Veteran doubler and Berklee bass prof tells FBPO about his immersion into the latin jazz scene, long-time gig with Dave Valentin, teaching tips and more.
Exclusive interview with FBPO’s Jon Liebman
February 20, 2012
In addition to his long-time roles as bass player for flutist Dave Valentin and guitarist Mike Stern, Lincoln Goines has performed with Sonny Rollins, Michael Brecker, Carly Simon, Tania Maria, Dizzy Gillespie, Bob Mintzer, Michel Camilo, Eliane Elias and countless others. Goines is the co-author, along with drummer Robby Ameen, of the popular Funkifying The Clave: Afro-Cuban Grooves for Bass and Drums. In addition to his performing and recording schedules, Lincoln is a faculty member of the Collective and City College of New York, as well as Associate Professor of Bass at Boston’s Berklee College of Music.
FBPO: How would you describe your musical upbringing?
LG: My parents were both music lovers and encouraged creativity. As a child of the ’60s, I soaked in everything I was exposed to, from Bach to James Brown.
FBPO: What made you gravitate to the bass?
LG: The sound. I always heard and felt the focus and groove coming from the bottom in all genres of music. When I was 15, Jack Bruce, Jack Casady and Noel Redding were my heroes.
FBPO: Tell me something you learned from Eddie Gomez and/or Gary Karr that you still find helpful today.
LG: Eddie inspired me by his relaxed but intensely focused and creative approach to teaching and playing. It is an ideal I continue to strive for. Gary showed me some simple but challenging arco exercises that I still use. I learned from both of them that even the baddest virtuosos warm up with scales and simple patterns!
FBPO: It must have taken a lot of courage to relocate to New York City back in the ’70s. Did you have anything lined up ahead of time or did you just decide to go for it?
LG: Yes, and yes. At the time, I was playing in a band that included keyboardist Steve Gaboury and drummer Kim Plainfield in the San Francisco Bay Area. Kim was getting married in New York and we decided to give the East Coast a try. I was 22 and fearless. Steve is now Cindy Lauper’s MD and Kim is still playing and touring, as well as an Associate Professor at Berklee.
FBPO: While you have a reputation as a solid jazz and funk player, you’ve also gotten heavily immersed in the Latin jazz scene. How did that come to be?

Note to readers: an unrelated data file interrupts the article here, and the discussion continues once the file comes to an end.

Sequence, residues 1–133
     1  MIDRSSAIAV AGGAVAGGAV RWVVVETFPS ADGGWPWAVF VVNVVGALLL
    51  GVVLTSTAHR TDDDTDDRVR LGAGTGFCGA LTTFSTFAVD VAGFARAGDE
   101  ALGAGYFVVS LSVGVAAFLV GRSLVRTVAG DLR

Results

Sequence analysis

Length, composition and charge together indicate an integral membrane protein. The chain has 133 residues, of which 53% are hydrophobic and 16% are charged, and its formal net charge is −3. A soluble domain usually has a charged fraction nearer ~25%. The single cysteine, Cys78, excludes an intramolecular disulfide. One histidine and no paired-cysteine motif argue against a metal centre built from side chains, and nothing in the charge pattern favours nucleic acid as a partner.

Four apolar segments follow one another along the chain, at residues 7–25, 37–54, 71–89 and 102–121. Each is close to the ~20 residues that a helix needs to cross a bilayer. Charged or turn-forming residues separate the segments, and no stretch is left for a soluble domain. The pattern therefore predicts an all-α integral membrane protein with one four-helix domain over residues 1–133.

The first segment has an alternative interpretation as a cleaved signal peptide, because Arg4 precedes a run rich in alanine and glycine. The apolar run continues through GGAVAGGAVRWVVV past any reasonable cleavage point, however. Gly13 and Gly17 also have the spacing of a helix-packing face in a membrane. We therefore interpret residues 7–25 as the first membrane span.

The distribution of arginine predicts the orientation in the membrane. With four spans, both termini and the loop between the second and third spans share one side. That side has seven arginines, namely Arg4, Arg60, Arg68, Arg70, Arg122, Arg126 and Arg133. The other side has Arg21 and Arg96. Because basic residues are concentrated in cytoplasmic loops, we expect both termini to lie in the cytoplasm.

LG: I’ve always had a love and aptitude for the Latin groove. In New York, it turned out to be one of the things you had to know to be on the scene. If you could play a tumbao, you could get a gig, regardless of your background. I dove right in and also did some studying and hanging with Andy Gonzalez, Sal Cuevas, Joe Santiago and a bunch of other cats.
FBPO: I’ve always loved the Funkifying the Clave tutorial you wrote with Robby Ameen. How would you describe it for those not familiar with it? What inspired you and Robby to do it?
LG: Thanks! In the book – and DVD – Robby and I are using Afro-Cuban music as a departure point into other styles, demonstrating how to apply folkloric elements to jazz, funk and rock. In the early ’90s, after gigging and touring together in New York, Puerto Rico and Cuba, we wrote it with the help and encouragement of the Latin music community. At the time there was nothing like it on the market.
FBPO: You and Dave Valentin go back a long way. How did you first get that gig?
LG: I met Dave at a party/performance event in Manhattan in 1978. He was young and crazy and so was I. He had just finished recording his first album for GRP and was putting together a touring band and asked me to come to his house in the Bronx to jam. To date, I have played bass on twelve of his albums. Now we’re both old and crazy!
FBPO: You’ve undoubtedly taught so many students over the years. Naturally, technique, grooving, musicality, etc., are vital. If there’s a trend, though, where do you feel today’s students need the most work? Conversely, where do they tend to exhibit the most strength?
LG: I see a trend with many students to focus too much on one style or aspect of their playing. I stress diversity and tell them to keep their ears and their spirit open to all kinds of music and never turn their noses up at anything because, at some point, they’ll find a use for it. Conversely, one of the great benefits of teaching is the tremendous amount of stuff I learn from my students!
FBPO: What’s keeping you busy these days?
LG: My two full days of teaching at Berklee, in addition to working with students privately and at the Collective and City College in New York. I have several gigs, tours and some recording coming up this year with Michel Camilo, Bob Mintzer, Dave Valentin, Dave Samuels, Sheryl Bailey, Tim Miller, Portinho and a few other folks. I have a few charts on my music stand at home I need to study!
FBPO: What else lies ahead for you and your career? What else would you like to do that you haven’t accomplished yet?
LG: I don’t ever want to stop playing and I’m never going to be satisfied. I want to stay hungry, intense, and innocent.
FBPO: What would you be if you weren’t a bass player?
LG: Probably a graphic artist. I apprenticed with my older brother, David Lance Goines, before the music took off. I could also teach Yang Style Tai Chi Chuan. I’ve been doing it a few years now.